Richard Nicolay, an only child, lived next door to Johnny and Ellen. Between Richard and us lived Mr. and Mrs. Sutherland. The childless Sutherlands had a dog named Spot that saved my sister, Midge’s life one day. Even though our street didn’t really go anywhere, quite a few cars came down it. Midge was just a little girl, barely able to walk well, and she went out into the street. Spot saw her, knew she shouldn’t be there, so he went to her, circling round and round her till she got closer and closer to the curb. He was a marvelous dog, and we all loved him.
The Sutherlands had a fig tree in their back yard. Every year we went over there and picked all the figs we could. Mother made delicious fig jam from them. The job of getting figs wouldn’t have been worthwhile had the jam been anything less than delicious, because the sap that came off that tree got on our legs and was almost impossible to get off.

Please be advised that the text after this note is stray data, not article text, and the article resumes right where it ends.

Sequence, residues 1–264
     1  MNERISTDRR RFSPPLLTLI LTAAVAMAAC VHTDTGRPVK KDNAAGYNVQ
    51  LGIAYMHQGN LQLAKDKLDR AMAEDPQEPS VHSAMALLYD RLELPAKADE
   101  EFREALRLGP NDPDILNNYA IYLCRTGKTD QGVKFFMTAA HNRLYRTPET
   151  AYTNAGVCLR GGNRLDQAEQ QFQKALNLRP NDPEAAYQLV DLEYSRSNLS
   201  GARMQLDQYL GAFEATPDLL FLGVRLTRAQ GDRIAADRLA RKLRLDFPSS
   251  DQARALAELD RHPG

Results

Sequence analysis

Mrs. Sutherland belonged to the Eastern Star, which is a part of the Freemasons Lodge, and at Christmas time they invited us kids to go to their party with them. The party was held in the Masonic Lodge on Broadway. The hall was decorated beautifully, and they had a lovely tall Christmas tree with colorful packages under it. We each got a nice Denver Avenue Memories Christmas gift. I don’t remember what we got, but it was an exciting experience going to their party, seeing the lovely huge tree, and getting a gift from beneath it.
The Sutherlands were also thoughtful. I know this because when the kids on our street had a show once across the street on the Brands’ front porch, they provided ice cream afterwards. I thought they were great folks, but Eadie says that in later years, they put up a fence around their yard, and if one of our baseballs was hit by accident into their yard, they would go out and get it and not give it back until the next Christmas. In fact, that’s why Eadie thinks that our Mother got their cat one time, and kept it for a few days.